Glomerular filtration rate, blood pressure and microalbuminuria in adults born SGA: A 5-year longitudinal study after cessation of GH treatment
Background: Growth hormone treatment increases glomerular filtration rate (GFR), as serum IGF-I stimulates the renin-angiotensin system. Infants born with a low birth weight have a smaller number of nephrons, which cause a lower GFR, a higher blood pressure and a higher albumin-to-creatinine ratio in early adulthood. Method: A total of 261 young adults born SGA, previously treated with growth hormone (SGA-GH), were longitudinally followed. Glomerular filtration rate, based on serum creatinine levels, was determined at cessation of GH treatment and at 6 months, 2 years and 5 years thereafter. Glomerular filtration rate, blood pressure and urinary albumin-to-creatinine ratio at 5 years after cessation of GH were compared with untreated age-matched controls (56 untreated short subjects born SGA [SGA-S], 118 subjects born SGA with spontaneous catch-up growth [SGA-CU], 135 subjects born appropriate for gestational age [AGA]). Results: Glomerular filtration rate decreased significantly only during the first 6 months after cessation of GH treatment, while remaining well within the normal range (124.6 vs 120.2 mL/min/1.73 m2, P <.001). SGA-GH adults had a similar GFR, blood pressure and urinary albumin-to-creatinine ratio as the healthy controls born SGA and AGA. Conclusion: In conclusion, our 5 years longitudinal follow-up study shows a decrease in GFR during 6 months after GH cessation, but thereafter GFR remained stable and within the normal range. Glomerular filtration rate, blood pressure and urinary albumin-to-creatinine ratio at 21 years of age were similar in GH-treated young adults born SGA and untreated controls born SGA or AGA. We conclude that long-term GH treatment in children born SGA has no unfavourable effects on kidney function in early adulthood. Précis: We present a longitudinal study on kidney function in the follow-up of growth hormone-treated young adults who were born small for gestational age.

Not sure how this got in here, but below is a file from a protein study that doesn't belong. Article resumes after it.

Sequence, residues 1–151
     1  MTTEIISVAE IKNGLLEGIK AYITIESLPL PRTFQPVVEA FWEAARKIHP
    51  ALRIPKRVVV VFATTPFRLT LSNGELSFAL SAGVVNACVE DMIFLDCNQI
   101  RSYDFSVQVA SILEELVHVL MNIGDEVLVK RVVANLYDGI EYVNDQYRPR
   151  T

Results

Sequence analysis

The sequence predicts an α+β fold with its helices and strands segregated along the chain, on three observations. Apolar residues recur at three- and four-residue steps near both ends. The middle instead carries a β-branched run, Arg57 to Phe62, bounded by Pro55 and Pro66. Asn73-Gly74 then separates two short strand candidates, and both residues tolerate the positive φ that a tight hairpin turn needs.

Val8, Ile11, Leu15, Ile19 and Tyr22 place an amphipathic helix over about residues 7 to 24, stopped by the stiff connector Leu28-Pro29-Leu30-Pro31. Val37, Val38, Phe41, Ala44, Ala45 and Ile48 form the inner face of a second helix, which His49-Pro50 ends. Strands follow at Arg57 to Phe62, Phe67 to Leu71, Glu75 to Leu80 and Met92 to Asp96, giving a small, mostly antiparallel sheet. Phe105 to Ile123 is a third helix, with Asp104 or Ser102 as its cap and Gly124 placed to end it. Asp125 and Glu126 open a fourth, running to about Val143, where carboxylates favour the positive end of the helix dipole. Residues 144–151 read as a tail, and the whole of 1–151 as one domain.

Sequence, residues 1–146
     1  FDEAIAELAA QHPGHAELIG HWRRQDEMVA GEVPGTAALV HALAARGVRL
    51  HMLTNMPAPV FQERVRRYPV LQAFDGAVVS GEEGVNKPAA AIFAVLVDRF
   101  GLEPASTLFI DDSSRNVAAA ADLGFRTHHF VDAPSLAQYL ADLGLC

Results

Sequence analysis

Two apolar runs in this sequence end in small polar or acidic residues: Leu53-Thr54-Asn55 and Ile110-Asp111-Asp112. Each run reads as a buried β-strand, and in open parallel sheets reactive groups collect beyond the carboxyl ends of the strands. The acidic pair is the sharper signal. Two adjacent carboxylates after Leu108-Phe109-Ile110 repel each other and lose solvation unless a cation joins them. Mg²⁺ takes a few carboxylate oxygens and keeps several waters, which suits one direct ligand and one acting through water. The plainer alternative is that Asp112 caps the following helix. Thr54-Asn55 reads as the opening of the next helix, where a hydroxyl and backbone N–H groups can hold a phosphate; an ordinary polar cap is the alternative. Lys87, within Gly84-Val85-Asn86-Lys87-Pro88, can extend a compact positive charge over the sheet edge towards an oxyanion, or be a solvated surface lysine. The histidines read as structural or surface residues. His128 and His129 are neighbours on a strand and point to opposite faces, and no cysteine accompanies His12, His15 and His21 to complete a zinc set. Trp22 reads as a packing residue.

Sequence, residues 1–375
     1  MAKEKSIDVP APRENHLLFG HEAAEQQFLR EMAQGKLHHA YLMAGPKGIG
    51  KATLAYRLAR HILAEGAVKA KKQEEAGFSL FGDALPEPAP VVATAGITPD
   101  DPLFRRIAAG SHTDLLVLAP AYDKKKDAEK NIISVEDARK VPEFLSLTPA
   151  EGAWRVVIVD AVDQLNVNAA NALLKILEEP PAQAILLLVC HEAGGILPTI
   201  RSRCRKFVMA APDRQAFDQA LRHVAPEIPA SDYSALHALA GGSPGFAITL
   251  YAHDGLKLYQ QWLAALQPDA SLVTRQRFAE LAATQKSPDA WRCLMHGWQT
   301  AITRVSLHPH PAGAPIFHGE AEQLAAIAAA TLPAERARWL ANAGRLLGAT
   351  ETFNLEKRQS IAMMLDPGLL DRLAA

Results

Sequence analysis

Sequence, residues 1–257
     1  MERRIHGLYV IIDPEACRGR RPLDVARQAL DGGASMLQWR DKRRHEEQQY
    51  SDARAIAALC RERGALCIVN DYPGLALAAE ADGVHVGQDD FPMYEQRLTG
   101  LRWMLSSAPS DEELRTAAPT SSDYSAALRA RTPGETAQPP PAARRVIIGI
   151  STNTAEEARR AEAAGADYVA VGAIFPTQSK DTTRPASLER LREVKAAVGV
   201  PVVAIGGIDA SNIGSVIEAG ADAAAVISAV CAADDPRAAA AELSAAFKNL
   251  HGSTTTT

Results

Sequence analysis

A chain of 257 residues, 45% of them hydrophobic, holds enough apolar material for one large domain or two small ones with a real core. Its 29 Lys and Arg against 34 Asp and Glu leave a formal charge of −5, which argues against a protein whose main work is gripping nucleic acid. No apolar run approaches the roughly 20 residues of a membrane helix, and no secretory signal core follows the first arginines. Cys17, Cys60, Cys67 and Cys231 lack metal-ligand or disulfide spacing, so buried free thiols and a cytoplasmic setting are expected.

|Keywords||growth hormone, kidney function, microalbuminuria, SGA|
|Persistent URL||dx.doi.org/10.1111/cen.14095, hdl.handle.net/1765/120631|
Goedegebuure, W.J. (Wesley J.), Kerkhof, G.F, & Hokken-Koelega, A.C.S. (2019). Glomerular filtration rate, blood pressure and microalbuminuria in adults born SGA: A 5-year longitudinal study after cessation of GH treatment. Clinical Endocrinology. doi:10.1111/cen.14095